Indianapolis Firefighters Film Battle Against Massive Blaze at Auto Yard Where Nearly 40 Cars Were Completely Destroyed

by Jennifer Shea
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Firefighters got pictures of their battle against a heavy blaze that engulfed an Indianapolis auto yard this week, torching about 40 cars.

The firefighters arrived on the scene at 1:45 a.m. By that point, more than three dozen cars were already in flames at Insurance Auto Auctions on South Harding St. Firefighters deployed tankers to cart water deep into the auto yard.

By 3:26 a.m., they had gotten the fire under control, per the Indianapolis Fire Department.

No Injuries in Fire, Firefighters Say

No injuries resulted from the fire, the IFD said. The cause of the fire is under investigation.

Shortly after firefighters extinguished the fire, IFD Battalion Chief Rita Reith told the Indianapolis Star that the management of Insurance Auto Auctions “was looking into the possibility” that a lightning strike caused the fire.

No one was present to witness what sparked the fire. The auto yard had closed at 6 p.m. But Indianapolis saw scattered thunderstorms with lightning late Tuesday night.

Multiple people in the immediate area of the blaze had called 9-1-1 to report the fire and “possible explosions,” according to Reith.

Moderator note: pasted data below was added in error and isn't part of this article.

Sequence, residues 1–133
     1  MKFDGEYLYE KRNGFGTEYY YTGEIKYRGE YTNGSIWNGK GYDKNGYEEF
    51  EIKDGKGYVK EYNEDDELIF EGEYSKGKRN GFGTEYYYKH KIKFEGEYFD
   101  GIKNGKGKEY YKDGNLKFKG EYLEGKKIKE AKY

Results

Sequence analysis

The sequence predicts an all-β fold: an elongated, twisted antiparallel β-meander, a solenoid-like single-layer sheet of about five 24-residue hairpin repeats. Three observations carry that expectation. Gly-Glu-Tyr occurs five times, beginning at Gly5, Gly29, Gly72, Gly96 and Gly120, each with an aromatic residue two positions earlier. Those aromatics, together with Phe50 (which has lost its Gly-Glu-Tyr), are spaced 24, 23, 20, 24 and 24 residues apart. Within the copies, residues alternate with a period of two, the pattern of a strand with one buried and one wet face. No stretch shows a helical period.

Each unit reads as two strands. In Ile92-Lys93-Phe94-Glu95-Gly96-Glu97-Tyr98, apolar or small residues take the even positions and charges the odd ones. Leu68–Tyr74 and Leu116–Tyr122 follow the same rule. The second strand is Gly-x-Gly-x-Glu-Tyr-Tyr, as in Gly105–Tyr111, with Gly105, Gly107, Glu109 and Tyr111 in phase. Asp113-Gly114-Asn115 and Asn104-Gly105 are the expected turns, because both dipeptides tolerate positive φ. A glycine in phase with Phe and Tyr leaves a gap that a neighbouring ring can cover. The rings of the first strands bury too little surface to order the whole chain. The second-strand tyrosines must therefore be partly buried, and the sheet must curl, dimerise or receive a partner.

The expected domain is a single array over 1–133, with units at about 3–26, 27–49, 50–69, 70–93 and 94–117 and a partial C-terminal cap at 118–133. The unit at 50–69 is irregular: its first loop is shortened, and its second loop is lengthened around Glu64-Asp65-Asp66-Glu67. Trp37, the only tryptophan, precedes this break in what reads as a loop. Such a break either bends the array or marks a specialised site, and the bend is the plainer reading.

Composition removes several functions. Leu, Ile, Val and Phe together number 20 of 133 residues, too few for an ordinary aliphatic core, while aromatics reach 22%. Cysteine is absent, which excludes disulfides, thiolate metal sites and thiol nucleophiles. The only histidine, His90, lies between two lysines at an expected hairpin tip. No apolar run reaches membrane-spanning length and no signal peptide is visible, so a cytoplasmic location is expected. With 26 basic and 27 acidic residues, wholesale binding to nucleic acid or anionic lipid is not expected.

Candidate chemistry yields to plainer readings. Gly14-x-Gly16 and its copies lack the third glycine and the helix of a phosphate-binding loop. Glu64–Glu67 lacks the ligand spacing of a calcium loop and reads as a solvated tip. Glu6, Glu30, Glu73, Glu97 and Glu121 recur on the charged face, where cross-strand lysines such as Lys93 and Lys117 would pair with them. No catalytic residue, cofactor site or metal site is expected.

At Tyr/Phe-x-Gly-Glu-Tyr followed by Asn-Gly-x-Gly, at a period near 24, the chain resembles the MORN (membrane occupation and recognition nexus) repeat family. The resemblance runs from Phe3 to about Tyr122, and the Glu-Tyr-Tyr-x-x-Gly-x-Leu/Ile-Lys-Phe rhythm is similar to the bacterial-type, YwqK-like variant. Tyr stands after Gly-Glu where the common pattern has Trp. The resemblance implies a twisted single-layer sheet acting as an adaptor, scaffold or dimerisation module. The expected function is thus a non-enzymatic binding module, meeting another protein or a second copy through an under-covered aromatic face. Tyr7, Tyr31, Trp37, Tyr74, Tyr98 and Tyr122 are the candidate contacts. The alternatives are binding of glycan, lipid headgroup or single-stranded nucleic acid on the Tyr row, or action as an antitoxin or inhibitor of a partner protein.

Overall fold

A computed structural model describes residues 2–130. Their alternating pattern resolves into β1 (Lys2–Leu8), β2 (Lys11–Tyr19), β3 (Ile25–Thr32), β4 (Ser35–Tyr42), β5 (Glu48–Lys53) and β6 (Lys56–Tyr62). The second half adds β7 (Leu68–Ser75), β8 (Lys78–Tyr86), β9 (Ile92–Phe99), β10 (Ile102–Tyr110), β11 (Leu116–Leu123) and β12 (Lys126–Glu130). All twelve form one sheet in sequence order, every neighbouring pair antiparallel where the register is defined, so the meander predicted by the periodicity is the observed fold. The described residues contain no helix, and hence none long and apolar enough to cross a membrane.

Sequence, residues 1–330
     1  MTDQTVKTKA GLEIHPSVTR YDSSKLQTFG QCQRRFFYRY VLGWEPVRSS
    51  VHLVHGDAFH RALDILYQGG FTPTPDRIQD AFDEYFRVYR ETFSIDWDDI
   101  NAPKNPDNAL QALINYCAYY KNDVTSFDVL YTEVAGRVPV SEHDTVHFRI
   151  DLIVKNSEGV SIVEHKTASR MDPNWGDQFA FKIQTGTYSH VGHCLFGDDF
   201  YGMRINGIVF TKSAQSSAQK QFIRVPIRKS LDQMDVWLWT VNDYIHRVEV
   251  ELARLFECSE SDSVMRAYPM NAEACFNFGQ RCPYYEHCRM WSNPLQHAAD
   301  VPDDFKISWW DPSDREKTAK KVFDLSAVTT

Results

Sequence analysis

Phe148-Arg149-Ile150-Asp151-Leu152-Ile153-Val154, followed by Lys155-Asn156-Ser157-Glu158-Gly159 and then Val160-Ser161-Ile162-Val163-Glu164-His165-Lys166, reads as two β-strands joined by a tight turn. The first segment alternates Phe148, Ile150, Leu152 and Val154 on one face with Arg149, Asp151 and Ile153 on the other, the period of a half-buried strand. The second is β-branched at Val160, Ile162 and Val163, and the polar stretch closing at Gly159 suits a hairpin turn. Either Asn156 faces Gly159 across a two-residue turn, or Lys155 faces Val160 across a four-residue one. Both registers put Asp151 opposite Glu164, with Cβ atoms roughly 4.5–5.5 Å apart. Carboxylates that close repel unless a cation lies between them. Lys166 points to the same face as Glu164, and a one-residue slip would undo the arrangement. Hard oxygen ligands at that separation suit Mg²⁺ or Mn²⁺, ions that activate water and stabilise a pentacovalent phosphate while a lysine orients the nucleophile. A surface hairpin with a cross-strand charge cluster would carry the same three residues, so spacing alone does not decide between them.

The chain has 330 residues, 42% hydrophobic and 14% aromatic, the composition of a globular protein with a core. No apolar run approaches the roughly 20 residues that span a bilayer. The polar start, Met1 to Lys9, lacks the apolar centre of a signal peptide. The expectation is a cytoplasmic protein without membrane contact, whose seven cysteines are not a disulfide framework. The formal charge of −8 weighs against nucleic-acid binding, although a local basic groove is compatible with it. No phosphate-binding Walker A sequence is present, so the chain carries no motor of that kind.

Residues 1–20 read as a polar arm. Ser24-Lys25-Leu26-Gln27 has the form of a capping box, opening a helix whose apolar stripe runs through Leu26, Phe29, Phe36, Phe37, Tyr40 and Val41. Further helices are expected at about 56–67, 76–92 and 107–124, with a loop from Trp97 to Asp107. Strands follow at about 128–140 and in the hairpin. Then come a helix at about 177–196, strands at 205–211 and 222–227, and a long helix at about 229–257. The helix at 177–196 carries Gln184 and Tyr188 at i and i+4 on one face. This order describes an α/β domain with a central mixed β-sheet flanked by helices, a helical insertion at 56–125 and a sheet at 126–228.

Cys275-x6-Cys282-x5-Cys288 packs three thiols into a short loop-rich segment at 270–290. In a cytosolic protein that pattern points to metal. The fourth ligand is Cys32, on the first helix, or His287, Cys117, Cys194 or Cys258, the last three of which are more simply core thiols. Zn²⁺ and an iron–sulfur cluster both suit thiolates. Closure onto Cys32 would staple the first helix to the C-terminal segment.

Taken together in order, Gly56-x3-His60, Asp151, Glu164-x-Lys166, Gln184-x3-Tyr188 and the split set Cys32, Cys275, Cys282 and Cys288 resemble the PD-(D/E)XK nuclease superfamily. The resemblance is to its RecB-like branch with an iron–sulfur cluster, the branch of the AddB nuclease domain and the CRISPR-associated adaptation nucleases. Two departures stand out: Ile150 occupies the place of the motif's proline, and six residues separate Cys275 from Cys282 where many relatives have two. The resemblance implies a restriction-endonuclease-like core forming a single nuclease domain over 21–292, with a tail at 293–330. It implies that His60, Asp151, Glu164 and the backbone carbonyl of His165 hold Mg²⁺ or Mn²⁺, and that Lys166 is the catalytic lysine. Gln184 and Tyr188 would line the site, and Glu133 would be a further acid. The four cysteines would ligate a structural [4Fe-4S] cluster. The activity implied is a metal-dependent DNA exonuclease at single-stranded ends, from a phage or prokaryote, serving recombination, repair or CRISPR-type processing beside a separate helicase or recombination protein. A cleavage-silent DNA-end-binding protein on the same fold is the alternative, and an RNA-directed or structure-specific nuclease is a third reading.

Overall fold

Officials told the Star the explosions probably resulted from magnesium product, tires and fuel tanks in the vehicles.

Firefighter Shortage Strikes Some States

Meanwhile, even as local firefighters in places like Indiana continue to bravely tackle infernos in their own backyards, the federal firefighting force is grappling with staffing shortages and low morale.

That comes as wildfire season is growing longer and more intense, Colorado Public Radio (CPR) reports. So as a temporary stopgap measure, Forest Service employees who don’t typically fight fires – i.e. forestry or range technicians – are joining firefighters to beat back the wildfires that are destroying the western U.S.

The temporary employees only make around $13 an hour. And they work only during the summer months.

“It’s just a convenient bureaucratic sidestep of just labeling us forestry technicians so that they don’t have to give us the same benefits,” Chris Ives, a squad leader for a crew in the San Juan National Forest near Durango in southwestern Colorado, told CPR.

The shortage not only impacts the federal firefighting force, but also some local fire departments. And it’s not just hitting wildfire-ravaged states like Colorado and California, but even states like Pennsylvania and Maine. It’s a problem across the country.

Increasing firefighter pay is one step governments could take to improve recruitment and retention efforts. Especially in western areas prone to wildfires, states may need more firefighters in coming years.

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